Optimization of the polymerase chain reaction (PCR) method for the rapid detection of Oryctes rhinoceros virus (OrV) was studied. The virus DNA was extracted from the gut tissues by a robust method. Using a pair of specific primers, Primer 15a and 15b, infection was confirmed when the PCR product produced a single 945 bp DNA band. The optimized concentrations of the PCR components were at 2.0 mM MgCl2, 1.0 mM 10X PCR buffer, 0.2 mM Primer 15a and15b, 0.5 U Taq-DNA polymerase and 0.4 mg bovine serum albumin (BSA). All tested virus DNA concentrations at 0.085, 0.170 and 0.255 μg μl-1 were suitable for virus detection. Addition of BSA (20 mg ml-1) at 0.4 mg in the reaction increased the PCR sensitivity. The method is capable of detecting OrV infection from DNA diluted one million times or equivalent to a virus DNA concentration as low as 2.23 pg μl-1. The PCR detected 83.2% adult beetles from pheromone traps as being infected by OrV, 13.6% higher (P< 0.05) than the results based on observations on the gut morphological appearance (69.6%). A typical OrV infection symptom is a swollen gut filled with milky fluid. Of the 839 guts with this symptom, 97.6% were diagnosed to be infected which was not significantly different (P>0.05) compared to the method based on gut morphological appearance. The PCR was also capable in detecting virus at an early infection stage and in dead adults with decayed tissues. Of the 307 adults that appeared to be healthy, 36.1% of them were found to be infected. As much as 61.6% of dead adults with decayed tissues (N = 428) were diagnosed to be infected by the OrV. The method can be used in further research studies relating to OrV for the management of the rhinoceros beetle.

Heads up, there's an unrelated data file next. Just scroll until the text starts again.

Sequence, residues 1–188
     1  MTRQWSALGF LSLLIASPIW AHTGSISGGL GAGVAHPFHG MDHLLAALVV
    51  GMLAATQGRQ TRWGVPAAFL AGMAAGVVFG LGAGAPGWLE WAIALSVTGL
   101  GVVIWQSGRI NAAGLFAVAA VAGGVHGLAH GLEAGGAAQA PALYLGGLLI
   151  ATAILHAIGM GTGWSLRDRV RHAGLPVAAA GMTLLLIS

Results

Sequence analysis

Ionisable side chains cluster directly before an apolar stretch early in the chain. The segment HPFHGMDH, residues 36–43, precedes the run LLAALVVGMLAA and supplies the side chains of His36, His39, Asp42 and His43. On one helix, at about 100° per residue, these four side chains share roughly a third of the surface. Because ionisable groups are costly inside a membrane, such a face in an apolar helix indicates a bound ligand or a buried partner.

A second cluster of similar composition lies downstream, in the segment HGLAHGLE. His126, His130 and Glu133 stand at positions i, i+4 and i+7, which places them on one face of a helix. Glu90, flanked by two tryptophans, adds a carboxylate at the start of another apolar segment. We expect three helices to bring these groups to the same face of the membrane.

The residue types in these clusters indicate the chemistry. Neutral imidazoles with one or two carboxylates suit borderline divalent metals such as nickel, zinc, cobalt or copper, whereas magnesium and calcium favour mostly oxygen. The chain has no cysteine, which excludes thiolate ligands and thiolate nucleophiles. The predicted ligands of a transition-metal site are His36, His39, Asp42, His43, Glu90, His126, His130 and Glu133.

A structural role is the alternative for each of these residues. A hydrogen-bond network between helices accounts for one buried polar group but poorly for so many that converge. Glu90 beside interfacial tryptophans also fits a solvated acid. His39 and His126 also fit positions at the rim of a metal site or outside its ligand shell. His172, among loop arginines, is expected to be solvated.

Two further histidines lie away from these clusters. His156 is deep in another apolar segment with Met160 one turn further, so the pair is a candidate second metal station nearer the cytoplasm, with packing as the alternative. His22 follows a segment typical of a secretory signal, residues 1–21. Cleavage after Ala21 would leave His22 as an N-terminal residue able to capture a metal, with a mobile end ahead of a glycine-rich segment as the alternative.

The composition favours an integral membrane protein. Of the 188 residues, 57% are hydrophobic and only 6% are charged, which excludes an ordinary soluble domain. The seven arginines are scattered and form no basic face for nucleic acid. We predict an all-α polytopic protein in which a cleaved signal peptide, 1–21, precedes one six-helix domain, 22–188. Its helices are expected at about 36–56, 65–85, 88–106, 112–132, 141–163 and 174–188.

Empty fruit bunch application and oil palm root proliferation